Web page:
Home >market >mark-to-market >Wipro guides for fall in organic business, a first since financial crisis

Wipro Ltd, which has been lagging peers for years, may face the infamy of becoming the first top-tier Indian IT services company to report a decline in revenue growth. It has forecast revenue of $1.955 billion at best for the June quarter, which translates to a growth of 1.25% against the reported revenue of $1.931 billion in the year-ago period.

But adjusted for the contribution from acquisitions, organic revenues are estimated to fall on a year-on-year basis. This is significant. The last time a top-tier Indian IT services company reported a year-on-year decline in revenue was during the global financial crisis.

In Wipro’s case, alongside the decline in revenues, margins are also falling at a higher pace compared to analysts’ estimates. It’s a double whammy of sorts, which should lead to a correction in the company’s shares when trading resumes on Wednesday.

Based on Mint’s back-of-the-envelope calculations, organic revenues are estimated to fall by 1.3% on a year-on-year basis in the June quarter. If one were to use the lower end of Wipro’s revenue guidance for the June quarter, organic revenues are estimated to fall by 3.4%. This year’s June quarter will include revenues of roughly $50 million from the Appirio Inc. acquisition, which was integrated with the company in November 2016.

While it’s true that growth has fallen for most firms, including industry leaders Tata Consultancy Services Ltd and Cognizant Technology Solutions Corp., these companies are still reporting growth in the high single-digits. Infosys Ltd reported a 5.3% year-on-year growth in revenue in constant currency terms in the March quarter, which is leading to chatter on the Street whether it will be the next in line to report a decline in revenue. But even if it does, that seems some time away.

This newspaper had asked the question Will Wipro soon post negative growth? after the company’s December 2016 quarter results; although hardly anyone expected the slide to be so quick. Wipro said on a call with analysts that its 2016 acquisition of HealthPlan Services, a business process as a service provider in the US health insurance market, has hit some rough weather. Soon after the acquisition, the company had won new projects, which have now been cancelled owing to the new government’s plan to have new regulations for the healthcare industry. The company expects these projects to fully ramp-down by the end of June, after which growth of the segment should normalize. Besides, its India and Middle East business segment will take some more time to bottom out. In the March quarter, revenues of this segment fell over 7% year-on-year in constant currency terms.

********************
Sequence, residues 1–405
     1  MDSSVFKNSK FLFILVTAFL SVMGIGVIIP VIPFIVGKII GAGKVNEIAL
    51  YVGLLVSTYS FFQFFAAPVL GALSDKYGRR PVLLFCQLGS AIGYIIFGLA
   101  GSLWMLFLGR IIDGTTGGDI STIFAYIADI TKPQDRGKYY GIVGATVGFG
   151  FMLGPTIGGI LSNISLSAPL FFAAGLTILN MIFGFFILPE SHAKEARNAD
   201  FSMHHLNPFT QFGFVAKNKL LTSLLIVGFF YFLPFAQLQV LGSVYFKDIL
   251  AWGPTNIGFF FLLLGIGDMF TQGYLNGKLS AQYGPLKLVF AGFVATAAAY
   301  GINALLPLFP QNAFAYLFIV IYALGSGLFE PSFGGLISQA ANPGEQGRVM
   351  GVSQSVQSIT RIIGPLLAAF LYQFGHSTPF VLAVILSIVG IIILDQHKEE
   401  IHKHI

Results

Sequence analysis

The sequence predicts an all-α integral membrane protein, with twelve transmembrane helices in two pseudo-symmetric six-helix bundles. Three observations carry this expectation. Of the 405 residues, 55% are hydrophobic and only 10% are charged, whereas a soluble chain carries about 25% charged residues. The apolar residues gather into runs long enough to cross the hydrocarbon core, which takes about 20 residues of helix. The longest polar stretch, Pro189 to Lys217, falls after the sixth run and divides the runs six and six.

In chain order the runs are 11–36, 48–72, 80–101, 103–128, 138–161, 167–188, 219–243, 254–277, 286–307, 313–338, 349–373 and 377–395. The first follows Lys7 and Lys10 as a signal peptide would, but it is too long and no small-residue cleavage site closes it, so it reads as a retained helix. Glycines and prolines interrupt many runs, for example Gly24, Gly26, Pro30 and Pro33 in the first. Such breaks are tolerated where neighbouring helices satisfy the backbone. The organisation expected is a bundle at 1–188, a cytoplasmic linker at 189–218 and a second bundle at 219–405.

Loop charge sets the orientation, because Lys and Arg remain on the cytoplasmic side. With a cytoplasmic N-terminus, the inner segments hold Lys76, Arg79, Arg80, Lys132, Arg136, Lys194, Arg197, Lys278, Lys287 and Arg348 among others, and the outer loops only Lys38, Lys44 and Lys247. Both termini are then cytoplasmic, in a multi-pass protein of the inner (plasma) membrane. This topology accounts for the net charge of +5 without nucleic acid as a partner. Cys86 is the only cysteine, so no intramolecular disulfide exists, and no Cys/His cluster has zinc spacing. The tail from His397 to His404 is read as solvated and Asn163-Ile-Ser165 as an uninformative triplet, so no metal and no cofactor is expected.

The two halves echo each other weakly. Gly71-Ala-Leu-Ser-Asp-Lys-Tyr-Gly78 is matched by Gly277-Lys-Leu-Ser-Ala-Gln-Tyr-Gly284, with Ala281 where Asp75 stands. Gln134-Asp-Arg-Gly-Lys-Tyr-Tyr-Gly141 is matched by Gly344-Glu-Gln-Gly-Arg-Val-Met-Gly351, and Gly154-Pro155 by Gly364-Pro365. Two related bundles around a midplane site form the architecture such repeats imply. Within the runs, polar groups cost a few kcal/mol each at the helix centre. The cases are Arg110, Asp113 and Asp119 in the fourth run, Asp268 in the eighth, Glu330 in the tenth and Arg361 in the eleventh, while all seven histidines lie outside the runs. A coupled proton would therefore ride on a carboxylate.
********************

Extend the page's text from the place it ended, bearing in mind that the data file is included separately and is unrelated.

As a result of these blips, Wipro’s performance in the June quarter is expected to be hit badly; on a sequential basis the company has guided for flat revenues at best and a drop of 2% at worst. Considering that the June quarter is seasonally a stronger quarter, the company’s guidance is particularly worrying. Wipro expects growth to pick up later in the year to industry levels, after the above-mentioned headwinds cease; although given its recent track record, that statement sounds hopeful rather than confident.

“Wipro has had one too many false starts as far its recovery goes. It’s best to wait and watch, rather than get carried away by the management’s optimistic outlook for the second half of the year," says an analyst at a multinational brokerage firm.

Also, while Wipro is pointing out to troubles in certain industries as reasons for its lacklustre performance, analysts have been underwhelmed by the company’s overall execution. Besides rapidly shrinking growth rates—now in negative territory—it also disappointed with a 70 basis points drop in operating margin to 17.6% after adjusting for exceptional items. With the currency having appreciated meaningfully this year, margins may settle below 17% in FY18, points out the analyst.

Interestingly, despite its continued weak performance, Wipro shares have risen by around 4% year-to-date, while the Nifty IT index has fallen 3%. After the March quarter results shocker, the stock looks ripe for a correction.

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